Modafinil, also known as Provigil, was originally synthesised in the 1970s in France and approved for use by the U.S.’s FDA as a treatment for sleep disorders such as narcolepsy in 1998. It is currently classed as a Class IV controlled substance in the U.S. for fears that it may have addictive properties, though it is legal for distribution in other countries, including the United Kingdom.
As a treatment for sleep disorders, such as Narcolepsy, modafinil appears to function as a selective dopamine reuptake inhibitor, although the exact mechanism of how it works remain unclear. It is not a total cure for these disorders, instead being prescribed as a management treatment for daytime sleepiness.
Known as a ‘smart drug’ reported to promote as a cognitive enhancer, improving concentration and mental efficiency, however studies are still ongoing as to its effectiveness in this field. The 2014 NHS article ‘'Smart drug' modafinil may not make you brainier’ notes that much of the drug’s effect may have been exaggerated by the media and claims that there was too much focus on one study. Despite this, praise for modafinil floods in, with first-hand accounts of its effectiveness. A 2014 survey by student website The Tab showed that one in five students admit to using modafinil as a study drug.
The most popular drug in the world, caffeine works as a stimulant for the central nervous system, blocking adenosine, one of the critical molecules for causing sleepiness. This induces a feeling of wakefulness by blocking the adenosine from reaching the adenosine receptors in the brain. This is laid out particularly well by the video below:
Caffeine has several effects on the body, including:
These effects, particularly the dopamine production, have a positive effect on both mental lucidity and emotional wellbeing, as dopamine is the primary neurotransmitter associated with pleasure and well-being.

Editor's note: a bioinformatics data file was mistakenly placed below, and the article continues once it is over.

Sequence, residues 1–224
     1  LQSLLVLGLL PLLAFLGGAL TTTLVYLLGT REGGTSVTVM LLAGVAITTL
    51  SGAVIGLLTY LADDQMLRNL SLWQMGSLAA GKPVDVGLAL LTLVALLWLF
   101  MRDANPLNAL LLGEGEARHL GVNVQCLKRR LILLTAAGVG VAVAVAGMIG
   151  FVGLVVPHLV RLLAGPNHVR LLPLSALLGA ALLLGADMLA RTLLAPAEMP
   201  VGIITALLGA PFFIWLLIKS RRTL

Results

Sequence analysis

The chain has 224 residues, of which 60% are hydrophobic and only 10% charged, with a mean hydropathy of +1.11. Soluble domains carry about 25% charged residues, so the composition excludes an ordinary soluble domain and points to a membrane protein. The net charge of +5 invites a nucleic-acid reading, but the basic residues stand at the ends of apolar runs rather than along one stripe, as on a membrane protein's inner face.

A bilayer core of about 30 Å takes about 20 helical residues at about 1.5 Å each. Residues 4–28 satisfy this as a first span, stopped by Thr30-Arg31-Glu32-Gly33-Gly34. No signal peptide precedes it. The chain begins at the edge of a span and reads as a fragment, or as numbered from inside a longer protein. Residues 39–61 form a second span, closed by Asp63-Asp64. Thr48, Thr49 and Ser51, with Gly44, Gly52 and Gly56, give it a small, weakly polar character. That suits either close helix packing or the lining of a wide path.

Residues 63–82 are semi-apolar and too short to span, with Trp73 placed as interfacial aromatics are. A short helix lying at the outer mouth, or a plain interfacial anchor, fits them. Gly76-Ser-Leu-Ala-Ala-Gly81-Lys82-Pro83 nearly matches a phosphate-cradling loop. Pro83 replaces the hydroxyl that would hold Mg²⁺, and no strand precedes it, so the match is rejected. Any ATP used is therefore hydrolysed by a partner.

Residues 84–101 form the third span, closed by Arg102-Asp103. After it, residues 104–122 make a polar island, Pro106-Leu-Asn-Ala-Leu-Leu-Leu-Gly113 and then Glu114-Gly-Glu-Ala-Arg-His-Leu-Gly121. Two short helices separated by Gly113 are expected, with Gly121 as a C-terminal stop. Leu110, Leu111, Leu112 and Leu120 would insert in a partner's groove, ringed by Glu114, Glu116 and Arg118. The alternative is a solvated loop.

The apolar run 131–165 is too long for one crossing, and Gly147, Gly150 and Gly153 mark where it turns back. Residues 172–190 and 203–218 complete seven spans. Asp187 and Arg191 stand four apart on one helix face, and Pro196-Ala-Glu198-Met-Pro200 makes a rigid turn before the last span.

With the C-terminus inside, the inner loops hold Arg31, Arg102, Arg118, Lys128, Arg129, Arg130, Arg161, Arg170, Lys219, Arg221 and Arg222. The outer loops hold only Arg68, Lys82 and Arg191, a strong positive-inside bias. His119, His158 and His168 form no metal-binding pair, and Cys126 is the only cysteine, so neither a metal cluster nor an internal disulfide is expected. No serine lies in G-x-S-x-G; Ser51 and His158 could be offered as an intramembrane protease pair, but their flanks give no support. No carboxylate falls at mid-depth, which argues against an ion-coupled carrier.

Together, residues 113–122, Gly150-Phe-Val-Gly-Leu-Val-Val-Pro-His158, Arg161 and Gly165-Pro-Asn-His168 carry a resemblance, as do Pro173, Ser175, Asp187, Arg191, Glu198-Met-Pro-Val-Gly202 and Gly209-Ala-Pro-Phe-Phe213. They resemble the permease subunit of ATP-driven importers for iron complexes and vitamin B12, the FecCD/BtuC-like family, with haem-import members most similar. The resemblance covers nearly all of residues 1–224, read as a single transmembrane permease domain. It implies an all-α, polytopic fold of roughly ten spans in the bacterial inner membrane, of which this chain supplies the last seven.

Despite their differences in consumption and popularity, modafinil and caffeine are incredibly similar products in terms of effect. In fact, some users recommend they best be taken together, though a doctor should always be consulted before deciding if this course is right for you. They are similar enough in their effect in staving off sleep and increasing concentration, as the results of this 2004 study show, though modafinil was found to be more effective over sustained periods.
Caffeine, as a stimulant that merely blocks adenosine receptors, gives the feeling that it is merely ‘staving off’ sleep. The temporary energy given by caffeine feels like it is just that; temporary. Modafinil, on the other hand, appears to remove the need for sleep entirely. Whilst under the effects of the drug, users have said that they felt like they could keep going indefinitely with no dip in their energy or concentration.
Yet the praise for modafinil is not universal, due in part to the different effects in can have on individuals. This article, published in 2016, claims that a combination of regular short sleep periods and doses of caffeine can be just as effective, depending on the individual.
Questions remain about modafinil and studies continue to be ongoing. For now, it appears to be an effective alternative to regular caffeine intake, or as an enhancement to caffeine in certain individuals, and as a treatment for sleep disorders such as narcolepsy. Consult your doctor to see if modafinil is right for you.
Page last reviewed: July 2018
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